Wednesday, August 16, 2006

What I really want to write about is........

how hard it is not to succumb to the urge to post challenging and probably offensive comments on a blog I sometimes visit because the blogger is someone I love. No, it's not my son who hasn't posted anything since February on his blog (get with the program, kiddo!) or his sweetie who has been having her ups and downs medically. It's nobody who lives nearby or whom I even see very often, but I love this person and respect the position taken, though I don't agree with it.

It's more the scathing remarks and "you idiot" attitude that permeates the blog. This writer is funny and brilliant but I doubt there will ever be much back and forth conversation about the ideas presented because it's so clear that if the reader doesn't agree with the writer, the reader will be ridiculed and dismissed.

That may be what the blogger and his/her readers want. My knowledge of the blogger is that s/he is passionate about his/her subject matter (religion) and all the behaviors that the religion demands and I respect that. What is hard for me is to see how exclusionary and narrow is the point of view presented, particularly considering how very intelligent this person clearly is. It's as if the brain has been hijacked by ideology.

It may be my heretic heart and mind shaping my reaction, but I am unable to see how the behaviors championed in the blog are improving the world. I am not sure how to write this without destroying my relationship with the person and others connected to this person. You'll notice I am not assigning gender here, to protect identity------or maybe to keep you guessing. But believe me, it's unlikely that I am talking about anyone you know!

This person may occasionally read my blog; I don't know. If s/he does, I hope that s/he gets the message that I love and respect him/her but am concerned about a point of view that seems to be fanatical and does not serve the world well nor the God we both love. IMHO.


Chalicechick said...

People differ SO MUCH in what they want in their comments.

I'm not a particular fan of short comments that say essentially "I disagree, but it's not worth going in to why." I love it when somebody puts up a long post critiquing where my argument went wrong (as a lay blogger in a blogosphere heavy on the ministers and seminarians, to have my ideas taken so seriously blows me away) but the feelings on those are far from unanimous.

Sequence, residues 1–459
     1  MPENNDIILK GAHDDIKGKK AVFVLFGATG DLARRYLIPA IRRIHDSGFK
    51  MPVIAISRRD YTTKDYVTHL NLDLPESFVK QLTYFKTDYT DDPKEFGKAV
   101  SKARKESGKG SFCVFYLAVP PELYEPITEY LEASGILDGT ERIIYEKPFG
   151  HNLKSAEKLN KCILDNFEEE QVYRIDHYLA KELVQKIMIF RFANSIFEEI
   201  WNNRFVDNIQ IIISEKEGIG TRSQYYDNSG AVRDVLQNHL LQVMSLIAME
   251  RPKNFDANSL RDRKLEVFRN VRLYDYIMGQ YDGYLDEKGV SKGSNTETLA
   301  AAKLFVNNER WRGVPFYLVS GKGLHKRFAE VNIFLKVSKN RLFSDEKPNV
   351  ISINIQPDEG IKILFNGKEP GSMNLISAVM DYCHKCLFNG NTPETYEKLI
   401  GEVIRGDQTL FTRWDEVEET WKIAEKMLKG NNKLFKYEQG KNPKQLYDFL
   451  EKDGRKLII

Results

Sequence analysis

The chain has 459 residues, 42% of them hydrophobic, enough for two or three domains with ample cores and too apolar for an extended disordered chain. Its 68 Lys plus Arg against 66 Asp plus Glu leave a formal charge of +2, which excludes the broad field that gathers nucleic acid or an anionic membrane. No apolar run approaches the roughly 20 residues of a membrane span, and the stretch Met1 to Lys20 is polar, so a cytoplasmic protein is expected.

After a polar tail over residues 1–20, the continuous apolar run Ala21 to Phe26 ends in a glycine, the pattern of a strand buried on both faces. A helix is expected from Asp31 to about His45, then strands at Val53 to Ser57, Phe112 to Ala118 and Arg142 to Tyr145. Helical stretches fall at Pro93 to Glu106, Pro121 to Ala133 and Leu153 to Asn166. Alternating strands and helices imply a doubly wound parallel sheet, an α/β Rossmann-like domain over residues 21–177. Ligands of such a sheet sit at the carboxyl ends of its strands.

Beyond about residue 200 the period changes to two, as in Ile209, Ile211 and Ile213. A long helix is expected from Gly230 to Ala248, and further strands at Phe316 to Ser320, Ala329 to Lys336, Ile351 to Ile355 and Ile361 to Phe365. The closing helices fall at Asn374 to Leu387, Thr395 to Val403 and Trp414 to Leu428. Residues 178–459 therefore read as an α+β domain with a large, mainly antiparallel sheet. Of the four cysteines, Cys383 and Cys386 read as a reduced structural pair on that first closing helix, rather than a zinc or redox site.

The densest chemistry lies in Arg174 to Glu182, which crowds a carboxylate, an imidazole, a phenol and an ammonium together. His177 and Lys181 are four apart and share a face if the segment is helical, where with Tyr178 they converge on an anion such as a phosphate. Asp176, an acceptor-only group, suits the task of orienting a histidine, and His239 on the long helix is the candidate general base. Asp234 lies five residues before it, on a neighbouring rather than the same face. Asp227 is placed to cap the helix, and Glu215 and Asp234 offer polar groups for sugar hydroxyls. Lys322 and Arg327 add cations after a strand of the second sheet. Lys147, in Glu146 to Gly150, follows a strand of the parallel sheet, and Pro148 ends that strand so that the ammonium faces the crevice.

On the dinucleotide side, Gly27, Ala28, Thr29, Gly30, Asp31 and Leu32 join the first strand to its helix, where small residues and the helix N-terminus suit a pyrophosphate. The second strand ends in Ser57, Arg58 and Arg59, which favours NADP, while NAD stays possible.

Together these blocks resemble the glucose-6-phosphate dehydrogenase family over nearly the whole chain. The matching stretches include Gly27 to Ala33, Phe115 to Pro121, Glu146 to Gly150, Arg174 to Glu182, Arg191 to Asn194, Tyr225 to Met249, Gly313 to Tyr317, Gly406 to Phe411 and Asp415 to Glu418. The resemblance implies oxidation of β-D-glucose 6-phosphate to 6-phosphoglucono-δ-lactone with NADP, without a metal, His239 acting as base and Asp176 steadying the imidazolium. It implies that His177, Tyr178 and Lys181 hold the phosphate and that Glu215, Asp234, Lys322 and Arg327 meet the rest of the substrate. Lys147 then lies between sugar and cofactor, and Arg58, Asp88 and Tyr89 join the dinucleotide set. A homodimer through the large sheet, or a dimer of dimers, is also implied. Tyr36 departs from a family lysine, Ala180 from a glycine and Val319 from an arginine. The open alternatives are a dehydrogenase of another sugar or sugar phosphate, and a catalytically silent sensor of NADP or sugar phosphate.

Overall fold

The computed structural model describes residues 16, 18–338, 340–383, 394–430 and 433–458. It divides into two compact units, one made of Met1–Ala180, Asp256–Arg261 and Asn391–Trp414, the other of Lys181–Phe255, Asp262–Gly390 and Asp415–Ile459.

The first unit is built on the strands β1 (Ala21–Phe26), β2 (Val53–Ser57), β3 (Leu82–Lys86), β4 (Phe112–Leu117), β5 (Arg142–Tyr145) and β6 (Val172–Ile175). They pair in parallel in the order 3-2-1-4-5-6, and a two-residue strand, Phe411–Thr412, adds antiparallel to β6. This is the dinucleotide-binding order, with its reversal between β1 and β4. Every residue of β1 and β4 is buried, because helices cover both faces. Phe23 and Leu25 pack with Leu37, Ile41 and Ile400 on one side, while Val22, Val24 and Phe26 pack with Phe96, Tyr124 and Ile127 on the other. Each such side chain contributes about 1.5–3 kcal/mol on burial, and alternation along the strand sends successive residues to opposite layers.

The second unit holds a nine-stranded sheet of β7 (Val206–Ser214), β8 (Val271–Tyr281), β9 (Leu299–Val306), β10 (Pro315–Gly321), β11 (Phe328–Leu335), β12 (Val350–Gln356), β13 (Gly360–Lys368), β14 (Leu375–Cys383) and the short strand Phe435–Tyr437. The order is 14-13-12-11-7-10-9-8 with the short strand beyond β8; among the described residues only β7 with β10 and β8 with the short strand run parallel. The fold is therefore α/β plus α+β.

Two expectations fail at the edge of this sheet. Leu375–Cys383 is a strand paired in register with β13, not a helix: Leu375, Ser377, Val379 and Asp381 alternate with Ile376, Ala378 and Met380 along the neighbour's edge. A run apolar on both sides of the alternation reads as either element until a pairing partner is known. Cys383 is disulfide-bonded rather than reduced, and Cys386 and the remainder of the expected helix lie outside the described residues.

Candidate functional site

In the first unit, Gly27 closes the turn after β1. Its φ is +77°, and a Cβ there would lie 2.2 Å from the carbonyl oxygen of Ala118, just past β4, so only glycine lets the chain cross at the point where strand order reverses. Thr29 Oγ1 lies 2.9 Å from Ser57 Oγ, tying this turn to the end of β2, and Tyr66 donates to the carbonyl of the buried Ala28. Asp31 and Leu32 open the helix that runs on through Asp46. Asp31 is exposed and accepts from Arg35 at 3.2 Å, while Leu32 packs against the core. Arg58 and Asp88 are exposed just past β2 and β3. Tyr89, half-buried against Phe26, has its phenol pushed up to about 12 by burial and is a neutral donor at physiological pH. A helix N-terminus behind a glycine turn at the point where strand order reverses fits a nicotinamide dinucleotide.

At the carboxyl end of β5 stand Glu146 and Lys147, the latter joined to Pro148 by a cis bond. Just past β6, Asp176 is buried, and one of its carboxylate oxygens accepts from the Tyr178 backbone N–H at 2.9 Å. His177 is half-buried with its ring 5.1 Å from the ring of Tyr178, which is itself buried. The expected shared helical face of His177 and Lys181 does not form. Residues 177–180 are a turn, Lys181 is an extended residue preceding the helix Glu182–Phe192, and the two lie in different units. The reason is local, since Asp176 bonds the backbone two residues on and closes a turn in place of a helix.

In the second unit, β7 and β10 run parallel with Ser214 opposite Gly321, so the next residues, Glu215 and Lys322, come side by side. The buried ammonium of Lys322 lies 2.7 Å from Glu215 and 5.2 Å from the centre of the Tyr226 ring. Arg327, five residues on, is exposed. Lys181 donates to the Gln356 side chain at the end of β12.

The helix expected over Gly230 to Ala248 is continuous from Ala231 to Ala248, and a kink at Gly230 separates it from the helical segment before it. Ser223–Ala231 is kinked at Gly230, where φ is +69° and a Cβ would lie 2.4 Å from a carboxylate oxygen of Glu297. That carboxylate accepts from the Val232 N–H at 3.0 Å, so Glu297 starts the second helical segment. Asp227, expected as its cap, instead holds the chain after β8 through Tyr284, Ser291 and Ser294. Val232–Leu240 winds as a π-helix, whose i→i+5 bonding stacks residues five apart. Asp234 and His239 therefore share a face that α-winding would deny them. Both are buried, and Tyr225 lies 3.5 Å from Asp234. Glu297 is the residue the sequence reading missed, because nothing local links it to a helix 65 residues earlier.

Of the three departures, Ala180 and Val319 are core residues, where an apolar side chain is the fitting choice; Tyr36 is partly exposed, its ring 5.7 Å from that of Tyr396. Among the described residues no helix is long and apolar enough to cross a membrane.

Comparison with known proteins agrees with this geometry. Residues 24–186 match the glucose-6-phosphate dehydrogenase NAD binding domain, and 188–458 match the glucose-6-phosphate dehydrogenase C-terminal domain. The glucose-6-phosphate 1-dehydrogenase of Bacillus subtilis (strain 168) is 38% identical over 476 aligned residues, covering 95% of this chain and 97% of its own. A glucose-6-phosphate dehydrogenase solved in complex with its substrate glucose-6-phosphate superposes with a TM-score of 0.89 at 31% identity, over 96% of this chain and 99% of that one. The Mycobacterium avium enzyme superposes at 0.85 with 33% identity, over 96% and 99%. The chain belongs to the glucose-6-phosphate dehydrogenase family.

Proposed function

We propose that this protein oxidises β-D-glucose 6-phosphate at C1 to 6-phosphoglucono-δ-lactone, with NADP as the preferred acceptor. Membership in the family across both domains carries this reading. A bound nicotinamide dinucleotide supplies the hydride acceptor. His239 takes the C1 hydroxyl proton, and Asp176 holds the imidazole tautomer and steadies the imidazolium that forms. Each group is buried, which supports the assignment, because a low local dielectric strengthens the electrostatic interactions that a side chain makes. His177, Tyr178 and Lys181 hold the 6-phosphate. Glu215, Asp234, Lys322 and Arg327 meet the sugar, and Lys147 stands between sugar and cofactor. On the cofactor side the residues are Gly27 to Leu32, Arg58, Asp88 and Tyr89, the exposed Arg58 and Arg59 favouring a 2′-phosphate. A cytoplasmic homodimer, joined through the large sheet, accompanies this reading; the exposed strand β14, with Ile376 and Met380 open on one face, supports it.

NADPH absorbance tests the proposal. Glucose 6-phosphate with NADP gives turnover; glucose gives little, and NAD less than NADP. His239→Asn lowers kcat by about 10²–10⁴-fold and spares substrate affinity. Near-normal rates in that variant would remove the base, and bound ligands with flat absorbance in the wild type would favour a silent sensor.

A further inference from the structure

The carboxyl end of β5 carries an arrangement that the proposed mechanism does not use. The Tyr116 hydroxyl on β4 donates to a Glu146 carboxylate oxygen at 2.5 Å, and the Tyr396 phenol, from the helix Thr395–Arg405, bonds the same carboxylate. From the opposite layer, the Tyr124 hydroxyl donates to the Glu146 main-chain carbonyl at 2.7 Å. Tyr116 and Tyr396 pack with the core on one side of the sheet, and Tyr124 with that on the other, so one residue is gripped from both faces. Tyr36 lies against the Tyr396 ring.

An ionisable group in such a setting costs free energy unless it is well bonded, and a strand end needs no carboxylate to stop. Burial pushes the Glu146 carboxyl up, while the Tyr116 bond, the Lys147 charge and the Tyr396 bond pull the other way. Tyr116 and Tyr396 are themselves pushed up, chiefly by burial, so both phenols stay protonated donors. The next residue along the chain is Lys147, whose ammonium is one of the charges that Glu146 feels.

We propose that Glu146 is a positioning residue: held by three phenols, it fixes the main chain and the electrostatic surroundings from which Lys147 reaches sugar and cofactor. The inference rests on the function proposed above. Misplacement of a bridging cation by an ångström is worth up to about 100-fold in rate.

It does not sound like this person is a big fan of dissent at all, so maybe neither short nor long responses are productive.

As a last resort, you could always limit your comments to the few posts that AREN'T obnoxious and encourage your friends to do the same. Most bloggers, I suspect, pay attention to what gets comments and what doesn't and shape their blogs to their readership.


ms. kitty said...

I like that idea a lot, CC, and may use it if I can find a post that isn't obnoxious. I'm inclined to think that much of the near-malicious hyperbole is so that this person can say something funny and cute, regardless of how stupid it makes him/her look.

Joel said...

I'm afraid to ask this, but are you referring to me? I do tend to be pretty one-sided in my religious content, but by the standards of the religious blogosphere, I'm actually a much more laid-back sort than most. Alas, it's not an arena that encourages gentle discourse.

Joel said...

And I try hard not to ridicule commenters. If somebody disagrees with me to my face, they deserve a respectful answer.

ms. kitty said...

You know, I've rethought some of what I said, Joel. I realized that I may have been writing from a place of arrogance, that spot from which we humans jump to conclusions.

I went back to the particular blog I was talking about and reread some of it and, though I still disagree and worry about the ideology, I realized that I very much enjoy the great writing, the incredibly sharp sense of humor, and the personality behind the writing.

I do worry about the burgeoning population and the diminishing resources of the earth; I admire people who stand up for their principles when the principles are in conflict with what one is forced to do. And apparently you don't. Okay. We disagree on those sorts of things.

I'm new enough to blogging that I haven't gotten used to the sharp-tongued stuff, the ridiculing of divergent points of view. It's probably my conflict-avoidant nature that puts me in that spot. It feels like fighting and I've never gotten anything but fear and anxiety out of fighting.

Maybe it's partly that I would love to ream somebody out myself and am afraid to admit it! That could be the whole ball of wax!

Carry on, Joel. Don't worry about my opinion! But do think about the population and principles stuff and I'll think about your point of view.

I love you.

Joel said...

I love you too, Reverend Auntie. I KNOW I approach MY writing from a place of arrogance. That's part of the fun. :)

I do worry about the burgeoning population and the diminishing resources of the earth; I admire people who stand up for their principles when the principles are in conflict with what one is forced to do. And apparently you don't

After seven kids, it's a tad late for me to worry about burgeoning populations. :) I don't expect the world to agree with my religious attitudes about contraception. Mostly what I have is a total loathing for the methods of the abortion industry, which is less a religious conviction than a contempt for those who use deceptive means to profit from the misery of others.

In general I applaud people who stand up for their principles in the face of opposition. There are exceptions to that, though, especially when the principles seem a little too conveniently arrived-at (as in the case I think you're obliquely referring to). Still, having a long history of hypocrisy myself, I probably ought not to cast stones too readily.